After researching paint and body shops, Kohler handed the sedan over to Mike Elliston and Kustom Colors in Phoenix, AZ for a full respray in the B7’s original shade of Polaris Silver. “I had the car stripped down in a few hours and Mike had a guy pick it up from me on a trailer,” says Kohler. “He had the car for nearly three months.” A set of Polaris Silver doors were installed, as well as a new hood, sunroof and tail panel before the car was finally fully repainted. Kohler also sourced a new Alpina front spoiler from Germany. “I acquired all new trim and weatherstripping for the car, even the long-NLA (No Longer Available) hood seal,” he adds. “Every piece on the car is new.”
The exterior restoration was completed refinished 16x7-inch and 16x8-inches Alpina wheels, new lights and a new, road-rash free windshield. Lastly, Kohler spent many hours painstakingly applying the B7’s trademark graphics to the BMW’s silver bodywork. Inside, the B7 is largely original, including the Recaro sports seats, four-spoke Alpina wheel and wood shift knob. Kohler installed a new headliner as well as a crack-free dash. The cloth on the door panels was replaced with new fabric that looks like the original material that Alpina used.
“The driving experience is remarkable,” says Chris of the finished car. “What’s most amazing to me is the subtlety of the engineering that Alpina put into the car. The chassis tuning is superb. In fact, I don’t believe there is a better suspension for this chassis. The B7 Turbo uses a different front spring than they offered for other E28s,” adds Chris. “They didn't really make any other changes, but I have to say, what they did do helped enhance the driving experience. This is a car that rides well but you can easily toss into a corner and it also doesn't squat excessively under acceleration. It's almost something I never thought possible. Even in the twisties, the handling is very predictable. I think between these parts and the wheel and tire combination, it's a system that works.”
As opposed to the somewhat awkard look of the large U.S.-spec bumpers that we’re used to seeing on most E28s, the chrome Euro bumpers completely alter the looks of this boxy, E28-based B7. When we climb inside for a brief drive we’re greeted by a commanding, upright driving position and generous outward visibility. The Recaros LS seats are firm but more comfortable than standard E28 sport seats. The speedo reads to 300-kph and there is a very cool digital readout mounted in one of the center dash vents that provides the engine oil and differential temperatures, boost pressure and oil pressure.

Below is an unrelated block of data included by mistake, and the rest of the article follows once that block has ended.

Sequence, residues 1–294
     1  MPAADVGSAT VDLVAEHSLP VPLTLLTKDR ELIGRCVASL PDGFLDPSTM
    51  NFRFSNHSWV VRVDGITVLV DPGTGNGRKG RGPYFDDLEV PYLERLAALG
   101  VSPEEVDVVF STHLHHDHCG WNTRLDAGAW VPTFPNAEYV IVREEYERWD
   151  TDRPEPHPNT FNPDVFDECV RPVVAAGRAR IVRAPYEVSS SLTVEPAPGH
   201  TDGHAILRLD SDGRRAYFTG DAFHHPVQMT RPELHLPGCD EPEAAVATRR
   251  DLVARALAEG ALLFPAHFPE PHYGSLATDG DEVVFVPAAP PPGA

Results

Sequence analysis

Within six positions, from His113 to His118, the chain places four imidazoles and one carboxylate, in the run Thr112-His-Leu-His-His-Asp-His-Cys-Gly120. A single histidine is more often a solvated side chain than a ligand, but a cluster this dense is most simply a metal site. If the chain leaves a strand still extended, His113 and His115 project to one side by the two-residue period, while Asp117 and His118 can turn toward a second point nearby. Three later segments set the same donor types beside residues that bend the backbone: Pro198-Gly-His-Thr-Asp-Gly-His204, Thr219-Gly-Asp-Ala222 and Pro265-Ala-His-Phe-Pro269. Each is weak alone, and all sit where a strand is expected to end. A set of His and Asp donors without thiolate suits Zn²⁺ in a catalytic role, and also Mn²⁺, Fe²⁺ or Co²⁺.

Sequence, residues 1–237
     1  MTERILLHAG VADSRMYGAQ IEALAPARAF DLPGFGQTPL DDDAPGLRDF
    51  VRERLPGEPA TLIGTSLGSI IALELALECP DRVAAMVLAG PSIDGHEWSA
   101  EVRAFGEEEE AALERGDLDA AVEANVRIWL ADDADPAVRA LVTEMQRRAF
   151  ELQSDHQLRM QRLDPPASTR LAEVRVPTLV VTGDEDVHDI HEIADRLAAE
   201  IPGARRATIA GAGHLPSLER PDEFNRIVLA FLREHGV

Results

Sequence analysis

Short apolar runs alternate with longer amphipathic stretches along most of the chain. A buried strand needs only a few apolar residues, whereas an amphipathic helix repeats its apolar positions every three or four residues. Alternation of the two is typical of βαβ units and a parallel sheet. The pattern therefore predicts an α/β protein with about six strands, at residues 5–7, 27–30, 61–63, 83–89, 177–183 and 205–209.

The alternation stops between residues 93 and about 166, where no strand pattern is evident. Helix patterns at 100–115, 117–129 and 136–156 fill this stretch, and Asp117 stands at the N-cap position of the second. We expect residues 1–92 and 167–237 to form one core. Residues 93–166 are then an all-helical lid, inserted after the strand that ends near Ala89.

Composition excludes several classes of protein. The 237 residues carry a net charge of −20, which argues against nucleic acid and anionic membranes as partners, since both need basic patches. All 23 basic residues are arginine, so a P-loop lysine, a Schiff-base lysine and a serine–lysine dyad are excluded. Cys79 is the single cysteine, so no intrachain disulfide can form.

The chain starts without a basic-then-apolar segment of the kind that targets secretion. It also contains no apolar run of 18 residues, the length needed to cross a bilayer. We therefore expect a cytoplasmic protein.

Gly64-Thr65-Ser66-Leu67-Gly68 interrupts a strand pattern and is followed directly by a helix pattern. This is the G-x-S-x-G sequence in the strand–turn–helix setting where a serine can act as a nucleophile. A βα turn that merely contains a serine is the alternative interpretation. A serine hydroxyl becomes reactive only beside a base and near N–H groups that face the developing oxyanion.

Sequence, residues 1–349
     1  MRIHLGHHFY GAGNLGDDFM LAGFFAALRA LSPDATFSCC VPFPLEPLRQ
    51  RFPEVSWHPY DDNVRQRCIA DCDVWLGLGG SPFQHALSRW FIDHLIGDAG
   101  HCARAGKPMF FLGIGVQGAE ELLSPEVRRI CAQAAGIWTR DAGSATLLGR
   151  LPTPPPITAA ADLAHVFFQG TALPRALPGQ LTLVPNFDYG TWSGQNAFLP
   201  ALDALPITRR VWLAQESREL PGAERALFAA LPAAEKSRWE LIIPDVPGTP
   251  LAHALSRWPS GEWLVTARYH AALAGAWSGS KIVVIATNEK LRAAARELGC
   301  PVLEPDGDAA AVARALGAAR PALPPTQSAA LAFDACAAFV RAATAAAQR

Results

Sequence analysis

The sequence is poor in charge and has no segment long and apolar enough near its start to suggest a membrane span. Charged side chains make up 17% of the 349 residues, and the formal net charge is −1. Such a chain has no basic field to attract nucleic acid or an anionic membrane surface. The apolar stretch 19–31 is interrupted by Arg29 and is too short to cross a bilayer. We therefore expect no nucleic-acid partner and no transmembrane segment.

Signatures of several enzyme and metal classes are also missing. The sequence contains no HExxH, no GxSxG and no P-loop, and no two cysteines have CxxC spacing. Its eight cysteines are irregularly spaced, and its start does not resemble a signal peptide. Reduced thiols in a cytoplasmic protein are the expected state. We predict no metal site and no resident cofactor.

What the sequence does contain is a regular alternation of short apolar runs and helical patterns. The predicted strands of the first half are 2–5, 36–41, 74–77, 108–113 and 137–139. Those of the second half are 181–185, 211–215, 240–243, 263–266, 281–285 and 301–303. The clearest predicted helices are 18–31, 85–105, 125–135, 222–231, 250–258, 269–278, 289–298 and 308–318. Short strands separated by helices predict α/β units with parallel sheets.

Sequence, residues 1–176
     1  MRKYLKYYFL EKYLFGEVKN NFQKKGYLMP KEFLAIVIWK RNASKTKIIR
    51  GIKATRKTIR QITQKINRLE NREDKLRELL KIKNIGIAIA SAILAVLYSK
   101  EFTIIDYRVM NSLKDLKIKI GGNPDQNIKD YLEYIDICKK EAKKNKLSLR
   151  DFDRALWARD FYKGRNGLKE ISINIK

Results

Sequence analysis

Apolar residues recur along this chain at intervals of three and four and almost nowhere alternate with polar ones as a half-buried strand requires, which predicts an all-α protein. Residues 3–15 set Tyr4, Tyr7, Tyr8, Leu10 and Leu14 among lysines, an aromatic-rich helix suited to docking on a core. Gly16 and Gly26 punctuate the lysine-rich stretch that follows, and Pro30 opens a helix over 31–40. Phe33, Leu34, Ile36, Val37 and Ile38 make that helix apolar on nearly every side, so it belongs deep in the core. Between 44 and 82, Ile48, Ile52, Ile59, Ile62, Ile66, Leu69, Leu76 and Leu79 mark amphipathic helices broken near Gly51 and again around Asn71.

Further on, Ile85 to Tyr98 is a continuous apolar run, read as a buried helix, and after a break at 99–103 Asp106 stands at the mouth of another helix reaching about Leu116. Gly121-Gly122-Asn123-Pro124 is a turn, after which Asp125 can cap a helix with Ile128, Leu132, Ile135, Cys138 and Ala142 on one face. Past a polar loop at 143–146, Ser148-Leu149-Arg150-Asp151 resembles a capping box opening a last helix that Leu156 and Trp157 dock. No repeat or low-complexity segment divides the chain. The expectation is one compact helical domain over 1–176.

“I love the way the car feels when you’re in it,” says Chris. “With the Recaros and the dead pedal, it changes the experience enough to feel special. I love the gauges in the air vent. Not only are they useful but they’re a perfect example of 1980s technology.” At idle, the turbo straight-6 emits a muted growl through its custom exhaust without drawing undue attention. The clutch is an Alpina-specific item made by Sachs and as such is on the heavy side. The Getrag 265/5 slots into gear easily and precisely and we’re off. Off boost, the BMW drives similar to a normal E28, though the engine revs quicker and is more responsive than any stock M30 thanks to the reworked internals. Once the turbo starts boosting though, the B7 bolts towards the horizon, a subtle whoosh coming from the engine as the turbo breathes deep.
While it’s not the fastest thing around, it is extremely entertaining to run the BMW up through the first few gears, feeling the turbo powered engine slingshot the car down the road. It’s pretty quick as it is, and I can only imagine how impressive it must feel with the boost cranked up to max. The chassis is not too pointy when I crank it into a corner, but there is plenty of grip and adjustability once the car takes a set. It also rides very nicely, shrugging off bumps and surface irregularities with aplomb. With more time and familiarity, I can easily see how this car would be an absolute blast on a deserted back road.
Since he’s finished restoring the Alpina, Chris has not hesitated to use the sedan regularly even though he’s had several BMW enthusiasts admonish him for not trailering it to events. “I believe that goes against the purpose of having the car,” he says. “It has a couple of chips in the paint, but it’s a car that’s been driven, looks nice and I’m not going to sweat it. I own the car to drive it, not keep it in a climate-controlled bubble.” Chris has driven the BMW to San Diego, Los Angeles, Monterey and even Portland, Oregon.
An award from the 2013 5erWest show for “Best E28” and “Best in Show” is proof positive that show-worthy BMWs really should be driven to car shows rather than trailered, when possible of course. He also snagged Best 5 Series at the 2013 SoCal Vintage Meet. “I love the E28,” he says. “But with this car, it is essentially the ultimate version of the E28. Everywhere you turn on this car, you can see and feel that it is special.